So declining pull outs carries some definite consequences. If you think its possible she has a learning disability, I would be very wary of doing so. My guess is that if you decline the pullouts and she fails the grade or struggles, they will have no choice but hold her to promotion/retention standards and continue with regular education until such time as they have the data from those pull outs. Don't wait until the end of the year, if it looks like its going to be an emergency pass/fail situation. It will be too late to gather the RtI data, and she would be retained

Tough situation. Best wishes to you.
XOXO
B

mama to Milena Anjali (4/26/06) and Vincent Asher (4/13/09) ~ married to the love of my life since 2002.
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Old 10-19-2010, 02:49 PM
 
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Beth, when did that change? We developed my son's IEP in March. He was classified as Learning Disabled based on his performance on the assessments that were done by his psychologist, not on anything the teachers had done with him.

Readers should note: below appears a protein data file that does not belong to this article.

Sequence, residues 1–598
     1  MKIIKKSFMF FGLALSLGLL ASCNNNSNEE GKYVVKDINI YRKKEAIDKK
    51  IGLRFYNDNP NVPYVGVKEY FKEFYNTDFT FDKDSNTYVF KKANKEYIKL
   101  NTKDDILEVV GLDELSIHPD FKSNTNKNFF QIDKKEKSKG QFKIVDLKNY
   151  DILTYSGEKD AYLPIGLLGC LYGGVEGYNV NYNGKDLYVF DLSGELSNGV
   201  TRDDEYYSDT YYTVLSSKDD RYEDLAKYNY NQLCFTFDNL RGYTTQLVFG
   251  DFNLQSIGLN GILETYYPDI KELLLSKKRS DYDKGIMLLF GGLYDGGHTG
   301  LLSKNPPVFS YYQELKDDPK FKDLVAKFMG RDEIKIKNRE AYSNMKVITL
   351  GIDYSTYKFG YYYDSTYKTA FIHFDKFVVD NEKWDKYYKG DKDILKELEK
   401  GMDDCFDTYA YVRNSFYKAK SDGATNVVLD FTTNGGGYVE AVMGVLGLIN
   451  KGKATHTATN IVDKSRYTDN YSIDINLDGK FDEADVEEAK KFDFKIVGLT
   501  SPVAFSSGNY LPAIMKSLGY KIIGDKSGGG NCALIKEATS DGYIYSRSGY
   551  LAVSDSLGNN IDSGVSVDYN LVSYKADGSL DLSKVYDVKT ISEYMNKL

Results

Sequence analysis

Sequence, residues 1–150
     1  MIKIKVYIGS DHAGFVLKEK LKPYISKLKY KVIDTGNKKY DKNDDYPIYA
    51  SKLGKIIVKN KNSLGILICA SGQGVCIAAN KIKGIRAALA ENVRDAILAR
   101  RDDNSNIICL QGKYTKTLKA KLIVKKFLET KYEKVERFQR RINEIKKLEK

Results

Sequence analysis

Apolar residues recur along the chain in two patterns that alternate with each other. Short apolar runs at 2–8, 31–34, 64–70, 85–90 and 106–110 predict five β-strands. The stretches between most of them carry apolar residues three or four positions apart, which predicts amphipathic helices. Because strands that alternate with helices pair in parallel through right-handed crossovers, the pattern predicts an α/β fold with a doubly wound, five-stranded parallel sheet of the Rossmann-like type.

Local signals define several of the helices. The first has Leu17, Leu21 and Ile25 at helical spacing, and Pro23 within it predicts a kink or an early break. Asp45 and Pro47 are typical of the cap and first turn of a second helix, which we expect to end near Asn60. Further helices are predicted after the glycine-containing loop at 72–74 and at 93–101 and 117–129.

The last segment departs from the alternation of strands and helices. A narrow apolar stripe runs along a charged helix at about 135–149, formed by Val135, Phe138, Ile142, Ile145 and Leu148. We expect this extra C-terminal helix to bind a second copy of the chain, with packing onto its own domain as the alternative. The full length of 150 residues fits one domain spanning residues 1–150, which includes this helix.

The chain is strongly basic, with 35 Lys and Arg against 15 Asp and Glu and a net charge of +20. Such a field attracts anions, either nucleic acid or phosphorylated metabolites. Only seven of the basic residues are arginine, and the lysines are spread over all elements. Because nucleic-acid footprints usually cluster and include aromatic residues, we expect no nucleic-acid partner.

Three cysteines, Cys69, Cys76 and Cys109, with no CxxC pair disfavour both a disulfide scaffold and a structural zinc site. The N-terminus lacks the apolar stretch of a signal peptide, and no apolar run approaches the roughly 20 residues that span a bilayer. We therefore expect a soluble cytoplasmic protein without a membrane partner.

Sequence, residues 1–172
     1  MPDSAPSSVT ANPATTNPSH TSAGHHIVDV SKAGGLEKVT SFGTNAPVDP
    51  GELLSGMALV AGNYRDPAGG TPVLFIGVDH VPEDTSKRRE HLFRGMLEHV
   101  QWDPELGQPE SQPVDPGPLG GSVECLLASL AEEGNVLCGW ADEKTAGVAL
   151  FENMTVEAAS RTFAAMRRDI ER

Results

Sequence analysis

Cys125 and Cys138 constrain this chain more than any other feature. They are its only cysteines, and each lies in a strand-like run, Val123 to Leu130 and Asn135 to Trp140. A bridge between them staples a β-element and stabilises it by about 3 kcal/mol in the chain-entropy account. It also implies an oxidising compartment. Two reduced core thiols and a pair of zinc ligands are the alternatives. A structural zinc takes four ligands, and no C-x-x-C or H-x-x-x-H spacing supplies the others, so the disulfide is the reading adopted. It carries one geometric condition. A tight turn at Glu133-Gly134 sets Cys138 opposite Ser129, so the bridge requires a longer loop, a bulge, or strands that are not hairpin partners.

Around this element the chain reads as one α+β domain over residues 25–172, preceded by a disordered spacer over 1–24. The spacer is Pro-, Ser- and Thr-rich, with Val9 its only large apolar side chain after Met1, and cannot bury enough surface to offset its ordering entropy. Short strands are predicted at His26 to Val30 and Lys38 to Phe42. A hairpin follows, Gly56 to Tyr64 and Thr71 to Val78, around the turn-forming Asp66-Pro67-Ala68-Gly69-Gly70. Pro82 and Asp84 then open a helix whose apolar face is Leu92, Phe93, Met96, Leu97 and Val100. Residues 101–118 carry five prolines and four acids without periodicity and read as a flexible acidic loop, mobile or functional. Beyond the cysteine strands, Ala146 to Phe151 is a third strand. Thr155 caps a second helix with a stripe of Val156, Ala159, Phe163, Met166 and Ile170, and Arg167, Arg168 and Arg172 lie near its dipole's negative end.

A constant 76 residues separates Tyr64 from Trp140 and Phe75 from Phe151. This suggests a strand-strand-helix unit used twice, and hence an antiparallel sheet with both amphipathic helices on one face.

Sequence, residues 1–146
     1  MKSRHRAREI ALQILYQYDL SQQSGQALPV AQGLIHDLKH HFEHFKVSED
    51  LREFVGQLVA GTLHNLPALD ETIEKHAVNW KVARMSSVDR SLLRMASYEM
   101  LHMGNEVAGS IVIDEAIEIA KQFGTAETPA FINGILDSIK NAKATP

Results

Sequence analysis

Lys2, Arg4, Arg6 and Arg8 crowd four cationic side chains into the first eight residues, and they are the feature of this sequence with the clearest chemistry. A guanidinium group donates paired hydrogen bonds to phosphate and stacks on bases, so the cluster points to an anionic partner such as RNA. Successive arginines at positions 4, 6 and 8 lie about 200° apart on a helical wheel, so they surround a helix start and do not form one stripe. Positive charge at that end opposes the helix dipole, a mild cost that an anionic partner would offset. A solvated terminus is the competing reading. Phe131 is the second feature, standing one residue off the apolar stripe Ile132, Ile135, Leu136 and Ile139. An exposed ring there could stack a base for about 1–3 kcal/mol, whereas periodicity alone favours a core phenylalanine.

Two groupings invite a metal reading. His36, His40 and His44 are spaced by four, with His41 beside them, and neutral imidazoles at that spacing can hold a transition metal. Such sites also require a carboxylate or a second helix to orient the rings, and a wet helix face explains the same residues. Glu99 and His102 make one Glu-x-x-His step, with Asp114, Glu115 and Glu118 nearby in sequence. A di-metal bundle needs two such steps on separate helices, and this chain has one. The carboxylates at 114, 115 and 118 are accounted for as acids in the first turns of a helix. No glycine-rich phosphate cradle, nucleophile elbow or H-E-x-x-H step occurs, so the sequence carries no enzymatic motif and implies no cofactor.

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Old 10-19-2010, 03:54 PM
 
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Polliwog,

The change was IDEA 2004. However, IDEA came out before the regulations came out. So basically, while everyone knew it was going to RtI in 2004, how to exactly implement this change was not known by the schools and actively practiced until as late as 2007. Confusing for many of us who would say "but but but IDEA says!!" and the district would say "but the regs are not out yet, so we are still using discrepancy model."

IQ and achievement scores are still used. Its simply that the discrepancy isn't the determinant anymore. Its that the testing shows weaknesses AND the child has not made sufficient progress in an evidence based program (RtI) to expected levels. My guess is that your son was receiving these services during the school day. Have you ever heard any reference to Tiers? (Tier 1, Tier 2, Tier 3). Did he get small group, one on one, computer program, or any kind of pull outs? The bottom line with RtI is that we cannot simply refer a kid who is struggling to get tested. We have to try other methods first (tutoring, etc.)